• VIP schemes: The Government’s response indicated that if the latest amendments to operators’ requirements re: the management and incentivisation of “VIP” customer (which came into effect in October 2020) fail to have the impact envisaged, further restrictions are likely to be imposed in this area.
  • Duty of care: The Government ignored and declined to comment on the HoL Report’s recommendation for a statutory duty to be established between gambling operators and their customers, which would enable customers to bring claims directly against gambling operators for losses they suffer as a result of breaches of the LCCP.
  • Loot boxes: The Government signalled its intention to move forward and publish its next steps on loot boxes in early 2021 (following completion of its public consultation in this area, which completed on 22 November 2020).
  • Lotteries: The Government has already endorsed the recommendation made in the HoL Report to raise the minimum age to purchase a National Lottery ticket to 18 (this legislative change coming into effect in October 2021). Its response, however, did not support the recommendation in the HoL Report to transition from the current lottery duty regime to a new gross profits tax.
  • Sport and advertising: The HoL Report had made recommendations for advertising by gambling companies not to be permitted on the shirts / kit of sports teams or otherwise near sports grounds. The Government’s response noted that whilst the effects of sponsorship and advertising are being considered as part of the wider review of the Act, it is important to balance the public’s concern in this area with: (i) the reliance of sports organisations (especially football clubs below the Premier League and horseracing) on funding from gambling sponsorship; (ii) existing requirements and initiatives on socially responsible gambling advertising (including the Gambling Industry Code for Socially Responsible Advertising and the voluntary whistle-to-whistle advertising ban on TV); and (iii) the lack of compelling evidence to demonstrate a causal link between exposure to gambling company logos and actual problem gambling behaviour in children or adults.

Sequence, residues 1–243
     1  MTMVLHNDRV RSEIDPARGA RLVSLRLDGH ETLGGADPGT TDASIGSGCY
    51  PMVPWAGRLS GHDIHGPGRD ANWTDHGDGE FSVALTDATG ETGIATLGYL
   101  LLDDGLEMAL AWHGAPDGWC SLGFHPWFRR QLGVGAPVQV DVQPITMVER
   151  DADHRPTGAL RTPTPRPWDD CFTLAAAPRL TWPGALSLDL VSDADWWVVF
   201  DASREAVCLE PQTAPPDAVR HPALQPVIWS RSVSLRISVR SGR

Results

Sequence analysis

• “Bet to view” streaming: Similarly, the Government’s response did not support the HoL Report’s recommendation to include an additional social responsibility code provision relating to the licensing of streaming on a “bet to watch” basis – i.e. access to the content being conditional on having an account or placing a bet with that operator. The HoL Report then went on to state that it intended as a consequence of this that the display of live sport by licensed gambling operators would cease. As noted above, the Government’s response did not endorse the HoL Report’s recommendations – acknowledging that: (i) betting streaming arrangements were a longstanding practice; (ii) provided a valuable additional income stream for sports rightsholders and (iii) that, in its view, there was no clear evidence to suggest that gambling operators’ display of live sport posed a threat to the licensing objectives. Nevertheless, the Government’s response did indicate that it will continue to monitor the evidence which comes to light in the course of its wider review of the Act.

Other recommendations in the HoL Report on which the Government responded, included:

  • maximum stakes and prize limits (both gaming machines and online products);
  • controls on how online gambling products are designed;
  • resourcing of, and fee structure imposed by, the Gambling Commission;
  • management of gambling related harm and associated health issues;
  • management of problem gambling (including self-exclusion);
  • prevention of underage gambling; and
  • monitoring the effect of gambling advertising.

We shall be providing further regulatory updates in due course as the DCMS’ review of the Act develops.